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Artist, Heather Oliver             

Archive for January, 2010

Readercon 2010

Saturday, January 23rd, 2010

Yours truly got invited to participate in Readercon 2010.  It’s happening July 8-11 in Burlington (Massachusetts, not Vermont).

Nalo Hopkinson and Charles Stross are this year’s guests of honor. Two friends will also be there, Jack McDevitt (definitely) and Joan Slonczewski (likely).

I may give a talk, be in a panel or both. If you’re thinking of attending, this may help you decide — one way or the other! If you’re there, come say hello (I include a recent photo for identification purposes).

I’ll send a reminder when the event draws near. By then, I will know what I’ll be doing and when.

“Against Stupidity the Gods Themselves Struggle in Vain.”

Tuesday, January 19th, 2010

Friedrich Schiller

Scott Brown; Cosmopolitan magazine, June 1982

Now the rest of the Cosmo centerfolds know they can be elected to the US Senate. If they’re reactionary rich white men, that is, who march to orders like Caligula’s Senate-nominated horse.

The Democrats should never have forgotten the tale of the scorpion and the frog. Appeasing the now-lunatic fringe Republican party is the equivalent of trying to befriend the creature from Alien.

Welcome to the world of The Handmaid’s Tale. When is the next starship for Tau Ceti??

Contra Mundum

Saturday, January 16th, 2010

Crossed Genres is running a ‘donate for Haiti’ campaign by having SF/F authors link free stories to their site.  Contra Mundum originally appeared in After Hours (all my stories published there can be found in The Realms of Fire). The talented Joanna Barnum graciously gave me permission to use one of her lovely watercolors to enrich the story.  If you like the works, please consider making a donation to one of the charities listed at Crossed Genres.

The Tiger’s Bride © Joanna Barnum

Contra Mundum

by Athena Andreadis

Note: Ariáthne, the maiden aspect of the Minoan Great Goddess, was the Mistress of Animals. Her chariot, like that of her Semitic counterpart, Ishtar, was pulled by lions. There are persistent rumors of mountain lion sightings in the Massachusetts Quabbin Reservoir. No one has proved or disproved their existence.

——-

After an interminable interval of slate-gray skies came one day as clear and hard as a diamond. Ariáthne decided to postpone her — so far fruitless — job search and get out of the city. On the way north, she stopped at the Stoneham zoo. She had never been there before.

Her heart swelled with anger and pity. The animals were crowded, emaciated, sickly. She had left the big cats for last. Many visitors were gawking intently into the tiger pit. It was feeding time; the older, much larger male stood over the beef haunch. He periodically interrupted his eating to slap, with increasing ferocity, the young female that kept stealing up to the food, undaunted by the blows that left bloody furrows in her fur.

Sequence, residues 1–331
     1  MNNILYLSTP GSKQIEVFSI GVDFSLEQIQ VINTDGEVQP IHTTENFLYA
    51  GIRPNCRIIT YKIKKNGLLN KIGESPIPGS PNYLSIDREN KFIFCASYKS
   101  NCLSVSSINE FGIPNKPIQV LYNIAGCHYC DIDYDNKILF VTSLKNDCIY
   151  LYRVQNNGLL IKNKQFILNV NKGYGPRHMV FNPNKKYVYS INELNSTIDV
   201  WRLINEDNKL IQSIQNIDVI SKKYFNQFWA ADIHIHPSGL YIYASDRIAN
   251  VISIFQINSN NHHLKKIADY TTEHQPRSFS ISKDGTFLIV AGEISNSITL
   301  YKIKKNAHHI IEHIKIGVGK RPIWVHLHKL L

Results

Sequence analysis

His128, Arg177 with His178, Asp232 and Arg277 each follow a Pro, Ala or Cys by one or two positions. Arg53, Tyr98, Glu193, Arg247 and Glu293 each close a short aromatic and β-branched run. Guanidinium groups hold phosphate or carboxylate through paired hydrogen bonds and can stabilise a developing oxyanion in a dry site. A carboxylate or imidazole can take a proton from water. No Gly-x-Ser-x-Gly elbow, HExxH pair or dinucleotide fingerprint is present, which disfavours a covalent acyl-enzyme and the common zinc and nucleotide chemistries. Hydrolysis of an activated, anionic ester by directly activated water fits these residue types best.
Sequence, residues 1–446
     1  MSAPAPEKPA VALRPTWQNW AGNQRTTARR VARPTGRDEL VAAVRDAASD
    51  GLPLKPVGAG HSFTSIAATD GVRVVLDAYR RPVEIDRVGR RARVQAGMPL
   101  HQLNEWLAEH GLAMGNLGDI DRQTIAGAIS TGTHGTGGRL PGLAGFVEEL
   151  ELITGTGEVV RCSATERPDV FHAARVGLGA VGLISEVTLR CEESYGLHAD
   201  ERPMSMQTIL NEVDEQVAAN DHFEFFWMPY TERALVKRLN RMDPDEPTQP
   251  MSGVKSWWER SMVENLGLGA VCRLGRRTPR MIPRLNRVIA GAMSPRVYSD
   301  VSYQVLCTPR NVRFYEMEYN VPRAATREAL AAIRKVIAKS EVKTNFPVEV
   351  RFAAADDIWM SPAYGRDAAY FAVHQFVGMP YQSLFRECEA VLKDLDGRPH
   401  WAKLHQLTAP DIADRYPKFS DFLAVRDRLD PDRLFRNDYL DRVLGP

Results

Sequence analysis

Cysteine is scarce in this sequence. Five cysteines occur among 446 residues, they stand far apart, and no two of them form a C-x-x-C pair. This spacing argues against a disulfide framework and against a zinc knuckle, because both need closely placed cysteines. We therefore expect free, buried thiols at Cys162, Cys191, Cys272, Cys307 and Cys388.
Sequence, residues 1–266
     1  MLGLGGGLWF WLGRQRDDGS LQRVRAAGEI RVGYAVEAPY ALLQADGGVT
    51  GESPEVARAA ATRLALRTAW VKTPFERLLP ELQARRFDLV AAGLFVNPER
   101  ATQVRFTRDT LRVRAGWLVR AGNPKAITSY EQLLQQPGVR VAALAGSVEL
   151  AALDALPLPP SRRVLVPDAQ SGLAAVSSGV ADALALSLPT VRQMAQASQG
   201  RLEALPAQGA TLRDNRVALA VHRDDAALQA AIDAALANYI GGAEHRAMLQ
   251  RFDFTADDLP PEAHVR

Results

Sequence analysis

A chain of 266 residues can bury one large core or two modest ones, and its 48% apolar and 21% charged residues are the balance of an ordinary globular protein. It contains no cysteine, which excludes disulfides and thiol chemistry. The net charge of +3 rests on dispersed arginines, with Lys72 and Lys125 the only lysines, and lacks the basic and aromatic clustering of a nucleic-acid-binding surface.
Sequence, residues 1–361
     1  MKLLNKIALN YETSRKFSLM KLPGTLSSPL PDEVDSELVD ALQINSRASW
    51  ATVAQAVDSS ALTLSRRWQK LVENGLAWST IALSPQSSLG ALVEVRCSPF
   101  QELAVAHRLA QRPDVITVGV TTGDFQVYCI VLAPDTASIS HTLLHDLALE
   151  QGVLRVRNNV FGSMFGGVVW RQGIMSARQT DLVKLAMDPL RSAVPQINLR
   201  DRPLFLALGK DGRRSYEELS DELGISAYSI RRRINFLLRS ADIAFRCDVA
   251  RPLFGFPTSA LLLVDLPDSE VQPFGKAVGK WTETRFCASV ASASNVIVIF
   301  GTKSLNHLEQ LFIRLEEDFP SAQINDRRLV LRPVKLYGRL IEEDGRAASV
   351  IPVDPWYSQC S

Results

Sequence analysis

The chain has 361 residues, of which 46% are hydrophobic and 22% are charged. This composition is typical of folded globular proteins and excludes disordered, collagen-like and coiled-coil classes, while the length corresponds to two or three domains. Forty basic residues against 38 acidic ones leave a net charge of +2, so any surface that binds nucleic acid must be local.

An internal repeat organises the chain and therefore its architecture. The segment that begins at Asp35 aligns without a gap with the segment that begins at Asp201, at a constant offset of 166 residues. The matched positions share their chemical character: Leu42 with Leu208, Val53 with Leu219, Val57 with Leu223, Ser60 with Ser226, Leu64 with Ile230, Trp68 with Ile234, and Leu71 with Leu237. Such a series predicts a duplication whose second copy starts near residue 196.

Ariáthne walked up to a uniformed keeper. In a voice raspy with checked wrath, she asked:

“If they don’t get along, why do you put them together?”

“We don’t have any more space,” he said helplessly. “It takes ages to have a proposal approved by the committee. We had hoped that they would tolerate each other, but the only way this could happen now is if she were to go in heat. But her weight has dropped so much, that has also become impossible. She’ll die of anemia or concussion. Or they’ll come to their senses and have her put to sleep.”

Ariáthne left, hardly knowing where she was going. She drove to Plum Island, but the beautiful place had suddenly become invisible. Burned onto her retina remained the image of the thin, multiply scarred flank of the tigress. She returned home, sat unmoving till it grew dark. Then she rummaged through her tool chest, selected a crowbar and a large file and left.

——-

She had no difficulty scaling the walls. With such lax security, she was surprised the animals hadn’t been hurt. She timed the comings and goings of the single guard, then set to work. Despite the premature arthritis which was already crippling her fingers, the years of laboratory research had given her discipline and skill. She worked so quietly that the animals were not disturbed — except for the tigress, who had come up to the bars and was watching silently, intently.

Ariáthne finally released the lock and sprinted for the wall. She tumbled into the car, then turned to look. Outlined against the stars, the zoo fence suddenly sprouted a cat-shaped bulge. Without any hesitation, the tigress approached the car in a stately trot.